HOPE constitutes a vital factor in mobilising people for a cause. It becomes all the more relevant when there is despair and darkness all around. Capable leaders use their acumen to evolve a perception of hope to bring people on a single platform for struggling towards the defined political objectives. Once convinced about the sincerity of the leader and his ability to deliver, people follow the edicts against all odds. Quaid-i-Azam Muhammad Ali Jinnah, as a political leader, was in a class of his own.
He succeeded in mobilising the people to achieve an uphill political goal in the form of a sovereign nation-state carved out on the basis of a political ideology. Jinnah continued to radiate the hope that this new-nation state would become an ideal place for all who opted for it.
Once he was gone, people stayed hopeful and believed that his successors would help shape Jinnah’s Pakistan within a tangible timeframe. Unfortunately, this legitimate expectation has remained an elusive dream.
A perspective on what constitutes Jinnah’s dream of a nation-state shall be useful. Jinnah’s speeches delivered on various occasions illustrate the complexion of Pakistan he wished to see. But the political and social discourse to interpret these views for evolving a consensus could not be accomplished. Divergent groups stand on their hardened and uncompromising positions.
The liberals construe that this country was founded for all to live in peace and away from the exigencies of an impending majority rule. They define Pakistanis as a pluralistic and essentially diverse community with the liberty to frame the objectives, statutes, rules, codes, customs and norms of life in accordance with their consensus, or at least collective wisdom. In support of this position, they quote Jinnah’s speeches delivered from time to time.
In contrast, the right-wingers assert the notion that this country was made in the name of Islam, and nothing else matters. Since Islam is not merely a set of rituals, but a complete system of life, including statecraft, it is only logical to create a society founded on those very principles.
These streams of arguments have been continuing ever since the country came into being without there ever being any conciliation or accommodation. With the possibility of settling this issue in an intellectually valid and peaceful manner becoming remote, the citizens become entirely confused.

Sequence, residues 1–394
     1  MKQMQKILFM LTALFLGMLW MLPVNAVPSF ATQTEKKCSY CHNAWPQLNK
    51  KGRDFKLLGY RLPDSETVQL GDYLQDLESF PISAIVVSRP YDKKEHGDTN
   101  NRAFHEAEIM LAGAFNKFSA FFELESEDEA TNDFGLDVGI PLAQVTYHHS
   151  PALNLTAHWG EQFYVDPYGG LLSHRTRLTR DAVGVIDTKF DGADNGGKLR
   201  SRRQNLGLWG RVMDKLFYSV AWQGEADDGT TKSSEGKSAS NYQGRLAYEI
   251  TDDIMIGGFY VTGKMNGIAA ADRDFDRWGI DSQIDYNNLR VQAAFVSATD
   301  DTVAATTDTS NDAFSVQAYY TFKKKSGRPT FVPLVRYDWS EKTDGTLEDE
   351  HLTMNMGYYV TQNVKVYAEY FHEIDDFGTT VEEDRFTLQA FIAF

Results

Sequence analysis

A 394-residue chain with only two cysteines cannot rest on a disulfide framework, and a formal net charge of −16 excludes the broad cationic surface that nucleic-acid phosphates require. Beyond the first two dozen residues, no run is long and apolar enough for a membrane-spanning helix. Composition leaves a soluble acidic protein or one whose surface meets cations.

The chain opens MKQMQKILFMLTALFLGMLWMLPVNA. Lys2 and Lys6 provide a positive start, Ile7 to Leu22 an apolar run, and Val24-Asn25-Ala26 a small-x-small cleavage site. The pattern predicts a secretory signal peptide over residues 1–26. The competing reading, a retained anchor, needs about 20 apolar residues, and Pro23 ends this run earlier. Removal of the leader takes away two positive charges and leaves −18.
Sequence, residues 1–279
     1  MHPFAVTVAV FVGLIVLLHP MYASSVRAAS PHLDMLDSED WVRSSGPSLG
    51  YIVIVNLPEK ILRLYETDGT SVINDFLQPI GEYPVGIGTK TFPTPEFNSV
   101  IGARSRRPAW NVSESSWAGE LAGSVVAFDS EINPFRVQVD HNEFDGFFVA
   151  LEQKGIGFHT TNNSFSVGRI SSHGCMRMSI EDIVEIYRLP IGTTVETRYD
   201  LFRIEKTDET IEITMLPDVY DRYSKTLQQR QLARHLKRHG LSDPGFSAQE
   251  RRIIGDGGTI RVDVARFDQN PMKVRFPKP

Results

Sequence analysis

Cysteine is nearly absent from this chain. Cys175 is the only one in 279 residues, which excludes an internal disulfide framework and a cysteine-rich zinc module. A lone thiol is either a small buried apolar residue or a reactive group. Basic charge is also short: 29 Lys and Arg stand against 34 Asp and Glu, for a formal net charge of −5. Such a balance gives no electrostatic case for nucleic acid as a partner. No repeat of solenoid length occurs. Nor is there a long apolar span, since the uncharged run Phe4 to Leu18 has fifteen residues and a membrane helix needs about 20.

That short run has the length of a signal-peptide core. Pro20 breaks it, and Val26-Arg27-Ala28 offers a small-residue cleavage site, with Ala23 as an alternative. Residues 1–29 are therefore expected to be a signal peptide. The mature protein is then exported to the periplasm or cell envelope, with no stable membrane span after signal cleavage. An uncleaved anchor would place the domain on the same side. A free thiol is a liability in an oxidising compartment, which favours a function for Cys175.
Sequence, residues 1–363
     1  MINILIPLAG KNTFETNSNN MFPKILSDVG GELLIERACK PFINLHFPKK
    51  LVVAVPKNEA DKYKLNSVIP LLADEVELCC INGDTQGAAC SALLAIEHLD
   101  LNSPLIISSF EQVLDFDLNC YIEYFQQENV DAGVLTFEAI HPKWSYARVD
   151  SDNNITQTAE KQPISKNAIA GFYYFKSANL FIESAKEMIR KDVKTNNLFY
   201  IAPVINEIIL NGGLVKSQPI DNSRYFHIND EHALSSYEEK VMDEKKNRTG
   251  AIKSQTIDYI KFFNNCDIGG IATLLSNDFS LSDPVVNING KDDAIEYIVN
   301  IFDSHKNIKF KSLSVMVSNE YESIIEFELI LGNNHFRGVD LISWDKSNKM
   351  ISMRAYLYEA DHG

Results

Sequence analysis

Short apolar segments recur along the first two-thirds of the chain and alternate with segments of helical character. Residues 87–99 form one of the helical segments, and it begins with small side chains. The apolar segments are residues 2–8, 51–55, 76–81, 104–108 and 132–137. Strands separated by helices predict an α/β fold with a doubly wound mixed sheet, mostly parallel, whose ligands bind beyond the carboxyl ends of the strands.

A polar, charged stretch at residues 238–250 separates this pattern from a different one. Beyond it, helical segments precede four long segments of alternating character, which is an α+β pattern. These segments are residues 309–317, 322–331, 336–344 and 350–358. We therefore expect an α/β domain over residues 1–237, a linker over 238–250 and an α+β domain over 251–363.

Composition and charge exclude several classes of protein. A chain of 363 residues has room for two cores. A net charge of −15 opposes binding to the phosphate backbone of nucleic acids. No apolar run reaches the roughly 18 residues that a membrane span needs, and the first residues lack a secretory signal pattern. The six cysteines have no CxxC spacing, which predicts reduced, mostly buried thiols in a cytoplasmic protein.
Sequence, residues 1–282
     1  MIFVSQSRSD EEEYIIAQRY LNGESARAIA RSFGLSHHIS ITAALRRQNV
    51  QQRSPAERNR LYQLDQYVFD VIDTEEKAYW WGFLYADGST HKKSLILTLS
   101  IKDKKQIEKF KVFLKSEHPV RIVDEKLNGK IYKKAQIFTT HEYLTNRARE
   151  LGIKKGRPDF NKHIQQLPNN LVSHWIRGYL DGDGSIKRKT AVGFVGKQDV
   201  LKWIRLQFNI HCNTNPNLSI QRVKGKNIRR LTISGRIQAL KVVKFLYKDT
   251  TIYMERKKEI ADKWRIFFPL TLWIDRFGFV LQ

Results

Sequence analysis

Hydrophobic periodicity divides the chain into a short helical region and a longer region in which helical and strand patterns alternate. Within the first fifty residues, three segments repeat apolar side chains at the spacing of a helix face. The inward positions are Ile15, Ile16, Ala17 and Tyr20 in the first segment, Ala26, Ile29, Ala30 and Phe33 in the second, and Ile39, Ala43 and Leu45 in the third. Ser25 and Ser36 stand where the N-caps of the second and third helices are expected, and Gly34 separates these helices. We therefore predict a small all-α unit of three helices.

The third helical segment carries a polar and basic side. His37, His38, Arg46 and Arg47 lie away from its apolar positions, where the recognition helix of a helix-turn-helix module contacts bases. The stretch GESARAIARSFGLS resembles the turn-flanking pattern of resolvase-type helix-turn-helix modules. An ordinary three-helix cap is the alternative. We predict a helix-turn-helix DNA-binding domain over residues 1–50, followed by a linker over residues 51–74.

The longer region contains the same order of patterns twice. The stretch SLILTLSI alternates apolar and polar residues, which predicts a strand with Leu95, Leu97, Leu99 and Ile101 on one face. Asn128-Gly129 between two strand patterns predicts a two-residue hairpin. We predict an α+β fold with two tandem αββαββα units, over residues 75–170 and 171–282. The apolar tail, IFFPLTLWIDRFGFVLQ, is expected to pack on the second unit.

Various power-wielding stakeholders take advantage of this conceptual confusion. The political class views the nation as an adaptable entity in situations where it can have access to power and gainful returns from various power-sharing deals. The whole edifice of nation seems to fall apart during the rivals’ rule. The establishment perceives the nation-state as an object that must be kept shackled all the time. Any attempt to let it move freely could prove too dangerous for its interests and existence.
Businessmen and traders consider the nation-state as a market space. Till such time the profits rise, the taxes remain evaded and the labour is squeezed to the hilt without government interference, this remains the best state in the world. Otherwise, the situation is termed dangerous, dollars are packed and the folks fly abroad quietly.
Elite remain worried that the nation is too backward and has too many encumbrances. The poor keep lamenting the fact that the state is too unjust, and has given them nothing. Every class perceives the nation-state differently.
Today, the state prefers to act as a contract manager. Whether healthcare, disaster management, development works in housing or infrastructure, the state units allocate funds to be spent through high-value contractual packages. Departmental abilities to maintain, repair and fix infrastructure and services are eroding fast. Under the tutelage of very powerful agents of globalisation, the whole set of performance indicators have changed. ‘Honesty’ seems to have been replaced by ‘efficiency’; ‘justice’ by ‘fair share-holding’; ‘subsistence’ by ‘purchasing power’; ‘human rights’ by ‘stakeholders’ satisfaction’; and ‘democracy’ by ‘market performance’. The act of balancing the economic input with the output reigns supreme above all gradients of morality, justice and fair play.
The way forward is to adopt a realistic approach. For reaching consensus on ideological basis, sustenance of democratic institutions is the foremost. Jinnah had categorically referred to the wisdom of the elected assemblies to deliberate and settle such matters. Thus, if they function independently, they will develop the capacity to formulate a viable interpretation of the ideology of the nation. Lateral inputs by the intelligentsia, academia and media can help streamline and enrich this discourse. It cannot be denied that as a nation state, Pakistan has to overcome numerous hurdles.
The writer is Dean, Faculty of Architecture and Management Sciences, NED University, Karachi.